Sharing your data online – what you need to know
When you're online, you will usually share some information about yourself, also known as your data, with the websites and services you use.
This data can be used in lots of ways. Mostly, it’s done to help improve your online experience. But it’s helpful to know about all the possible uses and how to protect your data from being used and shared in ways that you’re not happy with.
Ofcom’s purpose is to make communications work for everyone. Our Making Sense of Media programme is how we fulfil our duty to research and promote media literacy, including promoting an understanding of what is happening online. Understanding how and why your data is collected and used can help you to make informed choices and stay safe online.
Going online means making decisions about your data
Every time you visit a website, use an app on your phone or tablet, or even use a smart TV or other home device that connects to the internet, you are making decisions about how to share your data, and who with, even though you might not be thinking about it.
As well as the occasions when you provide data directly and knowingly, for example by filling in an online form, some websites and services collect data based on how you use them. When you visit a web page, your web browser might download and save small pieces of information known as ‘cookies’. These can be used to identify you as you visit different pages or sites.
Your data can also be bought from third parties. This can happen when your data is publicly available, or when you have provided consent for companies that collect your data to share it. Your data can also be processed to make predictions about information you have not provided, like your income or your interests. In the UK, online service providers must have your consent or other legitimate reasons to process your personal data under the General Data Protection Regulation.
Some services wouldn't work properly without your data
Some websites and services rely on your data to work well. This could be a social network storing the contact details that you and your friends provide so you can communicate with each other, an online store collecting your address during a transaction to know where to send your purchases, or a taxi app collecting your location so that it can tell the driver where to pick you up.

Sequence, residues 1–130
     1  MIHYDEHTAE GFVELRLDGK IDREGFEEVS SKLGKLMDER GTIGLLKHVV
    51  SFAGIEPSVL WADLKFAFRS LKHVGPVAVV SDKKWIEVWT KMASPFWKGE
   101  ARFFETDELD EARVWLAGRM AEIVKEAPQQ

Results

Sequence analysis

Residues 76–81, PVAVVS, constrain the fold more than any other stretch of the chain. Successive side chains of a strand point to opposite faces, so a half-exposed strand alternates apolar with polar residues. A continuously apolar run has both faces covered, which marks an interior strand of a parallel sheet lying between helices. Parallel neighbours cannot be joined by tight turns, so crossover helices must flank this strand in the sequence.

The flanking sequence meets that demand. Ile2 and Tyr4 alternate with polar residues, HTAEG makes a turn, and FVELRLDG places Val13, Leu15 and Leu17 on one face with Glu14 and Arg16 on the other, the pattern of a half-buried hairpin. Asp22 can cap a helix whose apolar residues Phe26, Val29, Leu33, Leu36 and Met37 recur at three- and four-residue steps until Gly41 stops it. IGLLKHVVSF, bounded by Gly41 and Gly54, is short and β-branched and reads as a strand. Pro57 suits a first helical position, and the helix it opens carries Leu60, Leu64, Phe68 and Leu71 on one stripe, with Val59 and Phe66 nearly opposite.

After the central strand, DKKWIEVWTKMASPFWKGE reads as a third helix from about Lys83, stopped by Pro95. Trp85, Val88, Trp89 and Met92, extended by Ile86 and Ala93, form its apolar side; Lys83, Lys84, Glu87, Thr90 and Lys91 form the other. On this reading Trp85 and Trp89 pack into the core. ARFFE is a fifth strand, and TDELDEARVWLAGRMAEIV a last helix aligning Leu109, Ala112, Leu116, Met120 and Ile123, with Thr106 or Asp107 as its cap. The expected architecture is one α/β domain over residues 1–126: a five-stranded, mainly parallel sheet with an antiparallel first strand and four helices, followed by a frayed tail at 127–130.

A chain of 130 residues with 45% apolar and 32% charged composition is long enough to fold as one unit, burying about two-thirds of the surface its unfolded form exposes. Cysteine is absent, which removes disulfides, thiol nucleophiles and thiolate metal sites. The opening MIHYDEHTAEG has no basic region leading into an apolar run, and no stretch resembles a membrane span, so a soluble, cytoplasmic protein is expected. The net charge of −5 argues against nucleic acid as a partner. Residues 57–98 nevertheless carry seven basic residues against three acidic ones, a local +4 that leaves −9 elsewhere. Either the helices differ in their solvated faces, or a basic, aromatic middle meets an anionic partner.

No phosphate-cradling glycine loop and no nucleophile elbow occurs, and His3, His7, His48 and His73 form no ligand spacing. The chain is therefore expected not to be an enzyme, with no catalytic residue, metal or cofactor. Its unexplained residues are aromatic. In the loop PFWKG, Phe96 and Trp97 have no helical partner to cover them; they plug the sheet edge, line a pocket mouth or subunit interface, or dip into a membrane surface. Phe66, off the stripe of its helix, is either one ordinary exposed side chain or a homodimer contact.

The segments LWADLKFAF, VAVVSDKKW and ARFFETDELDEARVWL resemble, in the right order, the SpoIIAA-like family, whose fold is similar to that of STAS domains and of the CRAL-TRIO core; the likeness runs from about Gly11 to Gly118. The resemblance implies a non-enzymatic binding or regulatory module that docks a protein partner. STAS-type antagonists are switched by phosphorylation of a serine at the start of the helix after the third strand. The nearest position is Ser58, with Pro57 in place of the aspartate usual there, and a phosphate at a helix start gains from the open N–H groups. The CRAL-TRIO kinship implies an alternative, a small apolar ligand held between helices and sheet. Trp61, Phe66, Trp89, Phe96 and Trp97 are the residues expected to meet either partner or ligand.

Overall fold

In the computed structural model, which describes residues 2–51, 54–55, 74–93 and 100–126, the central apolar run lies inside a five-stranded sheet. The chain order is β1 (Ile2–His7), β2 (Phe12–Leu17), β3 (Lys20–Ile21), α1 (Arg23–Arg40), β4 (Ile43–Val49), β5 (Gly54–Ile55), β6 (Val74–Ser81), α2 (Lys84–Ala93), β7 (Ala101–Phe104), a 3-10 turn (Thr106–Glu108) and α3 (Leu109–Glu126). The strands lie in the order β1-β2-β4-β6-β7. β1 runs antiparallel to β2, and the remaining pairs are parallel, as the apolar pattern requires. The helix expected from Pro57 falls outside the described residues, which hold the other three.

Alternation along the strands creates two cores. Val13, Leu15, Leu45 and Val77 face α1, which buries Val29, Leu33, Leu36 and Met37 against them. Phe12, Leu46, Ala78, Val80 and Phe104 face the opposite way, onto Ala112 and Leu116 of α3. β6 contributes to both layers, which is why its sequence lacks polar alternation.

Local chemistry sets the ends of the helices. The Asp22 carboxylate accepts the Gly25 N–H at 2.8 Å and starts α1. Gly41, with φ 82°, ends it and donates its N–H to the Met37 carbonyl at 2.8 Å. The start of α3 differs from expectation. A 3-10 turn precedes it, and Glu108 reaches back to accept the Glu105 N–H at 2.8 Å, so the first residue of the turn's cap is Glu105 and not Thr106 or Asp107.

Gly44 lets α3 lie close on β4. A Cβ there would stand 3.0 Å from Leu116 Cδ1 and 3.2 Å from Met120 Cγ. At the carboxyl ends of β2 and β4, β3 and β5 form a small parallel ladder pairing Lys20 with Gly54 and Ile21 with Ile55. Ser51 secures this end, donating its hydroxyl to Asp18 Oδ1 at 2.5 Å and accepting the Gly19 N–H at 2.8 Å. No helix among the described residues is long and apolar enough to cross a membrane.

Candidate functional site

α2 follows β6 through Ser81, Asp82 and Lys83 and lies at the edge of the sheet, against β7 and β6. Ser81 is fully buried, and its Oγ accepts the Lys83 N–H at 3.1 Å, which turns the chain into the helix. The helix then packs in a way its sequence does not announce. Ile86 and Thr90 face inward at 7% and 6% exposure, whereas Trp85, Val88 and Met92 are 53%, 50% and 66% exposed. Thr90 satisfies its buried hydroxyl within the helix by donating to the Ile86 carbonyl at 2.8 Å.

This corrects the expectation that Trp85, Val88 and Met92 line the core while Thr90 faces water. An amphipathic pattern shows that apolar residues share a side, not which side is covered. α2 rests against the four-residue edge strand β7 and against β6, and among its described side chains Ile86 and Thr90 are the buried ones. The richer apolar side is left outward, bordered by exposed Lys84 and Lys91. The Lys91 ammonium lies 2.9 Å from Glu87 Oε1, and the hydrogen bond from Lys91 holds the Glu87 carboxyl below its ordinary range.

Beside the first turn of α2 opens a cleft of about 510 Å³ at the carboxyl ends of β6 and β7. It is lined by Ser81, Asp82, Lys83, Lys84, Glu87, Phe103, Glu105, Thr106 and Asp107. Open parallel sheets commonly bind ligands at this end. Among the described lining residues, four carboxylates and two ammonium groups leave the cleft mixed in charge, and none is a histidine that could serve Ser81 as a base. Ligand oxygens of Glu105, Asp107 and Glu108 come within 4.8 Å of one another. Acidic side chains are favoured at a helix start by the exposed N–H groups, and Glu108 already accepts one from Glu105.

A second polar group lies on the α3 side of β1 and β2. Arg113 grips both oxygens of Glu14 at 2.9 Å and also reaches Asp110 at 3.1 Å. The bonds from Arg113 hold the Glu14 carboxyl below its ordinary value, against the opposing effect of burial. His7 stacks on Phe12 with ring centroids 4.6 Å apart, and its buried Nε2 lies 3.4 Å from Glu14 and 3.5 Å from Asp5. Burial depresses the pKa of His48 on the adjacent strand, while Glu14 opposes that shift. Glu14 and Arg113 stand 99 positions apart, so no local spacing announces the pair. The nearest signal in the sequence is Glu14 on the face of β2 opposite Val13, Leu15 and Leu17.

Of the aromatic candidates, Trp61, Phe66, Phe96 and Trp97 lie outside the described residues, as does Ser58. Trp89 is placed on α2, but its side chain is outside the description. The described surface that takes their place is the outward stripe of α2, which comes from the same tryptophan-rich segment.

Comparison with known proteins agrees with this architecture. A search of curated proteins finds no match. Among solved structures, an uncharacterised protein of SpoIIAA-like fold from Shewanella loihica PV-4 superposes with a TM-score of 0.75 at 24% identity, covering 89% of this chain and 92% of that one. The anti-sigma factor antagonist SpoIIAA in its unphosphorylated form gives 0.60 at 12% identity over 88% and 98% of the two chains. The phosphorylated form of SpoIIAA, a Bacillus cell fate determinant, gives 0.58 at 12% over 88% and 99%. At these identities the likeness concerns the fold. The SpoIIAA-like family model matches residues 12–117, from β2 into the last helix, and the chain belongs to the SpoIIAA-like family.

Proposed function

Your data helps to improve and personalise services
Online services might use your data as part of improving or personalising the services that you use. For example:
- when you allow search engines to know your location, they may use it to help you find shops or services in your local area;
- by recording what you have previously watched, listened to or liked, some online services can make recommendations for you based on your interests; or
- some online services use your data to make improvements, for example making them easier to use.
Some online adverts are targeted using your data
Some websites, apps or services display ads to users. These can help websites make money, which sometimes means they can offer themselves as free to use.
Usually, the ads you see will be chosen specifically for you, using your data to work out which ads are most likely to appeal to you. This can include information about products you’ve previously bought, websites you have visited, products you have browsed and even predictions about your interests.
This is called targeted advertising and it means different people are likely to see different online ads, and sometimes the same ad might seem to follow you around online.
Taking control of your data
If you have concerns about sharing your data, it can help to understand your rights. The Information Commissioners’ Office is the UK's independent body set up to uphold information rights. Its ‘Your Data Matters’ information sheets have information that could help.
There are several websites that provide advice about data that you might find useful.
- Which?’s Personal Data website includes guides on your data protection rights; how to put a stop to unwanted communications; and how to manage your privacy settings.
- The London School of Economics has launched My Data and Privacy Online, a toolkit aimed at younger people. This includes information on what personal data is being collected and why, and the steps you can take to protect your privacy online.
- The NSPCC and O2 have teamed up to launch tips and advice on keeping children safe online including how to talk to youngsters about being ‘share aware’; how to set parental controls; and how parents can keep up to speed on the latest apps and games that their children might be using.
- Age UK’s Internet Security website provides advice for older people covering topics such as online scams; how to protect your computer; and how to protect your privacy on social networks.